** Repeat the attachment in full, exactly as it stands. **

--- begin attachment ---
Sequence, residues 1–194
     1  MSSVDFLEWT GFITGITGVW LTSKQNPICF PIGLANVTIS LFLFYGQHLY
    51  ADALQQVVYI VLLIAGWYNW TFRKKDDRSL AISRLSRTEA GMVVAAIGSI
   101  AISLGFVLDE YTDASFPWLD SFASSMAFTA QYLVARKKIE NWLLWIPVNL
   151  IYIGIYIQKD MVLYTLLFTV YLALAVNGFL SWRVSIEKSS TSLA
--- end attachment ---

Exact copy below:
Sequence, residues 1–194
     1  MSSVDFLEWT GFITGITGVW LTSKQNPICF PIGLANVTIS LFLFYGQHLY
    51  ADALQQVVYI VLLIAGWYNW TFRKKDDRSL AISRLSRTEA GMVVAAIGSI
   101  AISLGFVLDE YTDASFPWLD SFASSMAFTA QYLVARKKIE NWLLWIPVNL
   151  IYIGIYIQKD MVLYTLLFTV YLALAVNGFL SWRVSIEKSS TSLA